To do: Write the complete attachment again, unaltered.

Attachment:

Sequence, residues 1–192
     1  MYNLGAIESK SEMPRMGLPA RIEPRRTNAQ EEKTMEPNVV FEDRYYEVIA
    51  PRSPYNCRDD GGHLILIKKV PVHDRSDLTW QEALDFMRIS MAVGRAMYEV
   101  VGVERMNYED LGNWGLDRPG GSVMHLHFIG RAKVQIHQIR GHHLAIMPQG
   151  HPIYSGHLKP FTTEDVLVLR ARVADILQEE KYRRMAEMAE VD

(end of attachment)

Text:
Sequence, residues 1–192
     1  MYNLGAIESK SEMPRMGLPA RIEPRRTNAQ EEKTMEPNVV FEDRYYEVIA
    51  PRSPYNCRDD GGHLILIKKV PVHDRSDLTW QEALDFMRIS MAVGRAMYEV
   101  VGVERMNYED LGNWGLDRPG GSVMHLHFIG RAKVQIHQIR GHHLAIMPQG
   151  HPIYSGHLKP FTTEDVLVLR ARVADILQEE KYRRMAEMAE VD